Berlin Musikfest (2): Runnicles Pays Tribute to Two Kindred Spirits

06/09/2013

Musikfest Berlin 2013 logo

 

 

 

 Britten, Shostakovich: Musikfest Berlin 2013, Klaus Florian Vogt (tenor), Orchester der Deutschen Oper Berlin/Donald Runnicles (conductor), Philharmonie, Berlin – 3rd September 2013 (MC)

 

Donald Runnicles Photo by Ashley Wilkerson Photography

Donald Runnicles
Photo by Ashley Wilkerson Photography

Britten: Four Sea Interludes and Passacaglia, Op. 33 a/b
Les Illuminations, Op. 18
Shostakovich: Symphony No. 15, Op. 141

This programme performed at the Philharmonie by the Orchester der Deutschen Oper Berlin and conducted by Donald Runnicles, their music director since 2009, brings together the music of Benjamin Britten and Dmitri Shostakovich. The friendship of the two composers might seem an unlikely one but they were kindred spirits with a mutual admiration for each other. Shostakovich visited Britten’s Aldeburgh court and Britten travelled to Russia to meet the great man several times.

The opening work of the evening was Britten’s much admired Four Sea Interludes and Passacaglia from his opera Peter Grimes, one of his most frequently performed orchestral works. Requiring a large orchestra the playing under the assured direction of Maestro Runnicles vividly captured a snapshot of life in the isolated village of the misunderstood outcast Grimes. The Maestro had positioned the Passacaglia, with its explosively dramatic writing including thundering timpani strikes that all fade away to nothing, as a prelude to the Four Sea Interludes. I especially enjoyed the hushed, dark opening of Dawn through to the cool shimmering depiction of Moonlight. The Orchester der Deutschen Oper Berlin, who had the advantage of playing a number of performances of Peter Grimes last season, were in compelling form.

Next came Britten’s song cycle Les Illuminations for high voice and string orchestra settings of texts by French poet Arthur Rimbaud. Commenced in England and completed in America in 1939 Britten had originally intended this appealing and varied score for the soprano voice, yet the collection soon became the preserve of the tenor. German tenor Klaus Florian Vogt is well regarded having sung Lohengrin at the 100th Bayreuth Festival but in Les Illuminations, although his singing was attractive enough, he seemed strangely disassociated from the French text and failed to engage this listener. On the positive side the unity of Runnicles’ Deutschen Oper string section was impeccable, displaying a resilient vigour combined with a distinctive silken sheen only rarely achieved in performance.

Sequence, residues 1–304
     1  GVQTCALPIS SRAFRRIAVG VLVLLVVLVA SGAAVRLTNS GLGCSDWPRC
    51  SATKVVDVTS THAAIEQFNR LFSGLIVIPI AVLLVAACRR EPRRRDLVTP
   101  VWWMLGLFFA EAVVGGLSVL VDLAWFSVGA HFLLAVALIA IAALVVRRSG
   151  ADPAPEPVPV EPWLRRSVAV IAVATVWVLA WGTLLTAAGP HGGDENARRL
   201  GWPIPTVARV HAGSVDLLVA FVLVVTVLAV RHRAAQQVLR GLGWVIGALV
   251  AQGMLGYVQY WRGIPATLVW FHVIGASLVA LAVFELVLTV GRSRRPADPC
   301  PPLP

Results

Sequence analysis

Each time I hear the Shostakovich Symphony No. 15 in concert I become more convinced of its quality and now consider it a twentieth-century masterpiece. Shostakovich wrote the four movement score in a burst of activity in 1971 during a time of his increasingly serious health problems. There seems no doubt that the composer was committed at this time to infusing his music with multiple layers of coded political messages and it seems that the Symphony No. 15 is a wonderful example of that tendency. Whatever is being conveyed in the writing, such as the repeated quotation from the William Tell overture, the music has an authentic, gripping quality from the glockenspiel chimes in the toyshop-like world of the opening movement to the sustained muted string chords that bring the score to its conclusion. The Orchester der Deutschen Oper Berlin demonstrated their prowess throughout this immaculately prepared and demanding work playing with such irrepressible concentration. Without any whiff of overconfident showmanship Maestro Runnicles held his large forces together superbly with outstanding command of tempi and dynamics. The highlights were too numerous to mention, suffice to say the evening was a resounding success.

 

Michael Cookson

  

 

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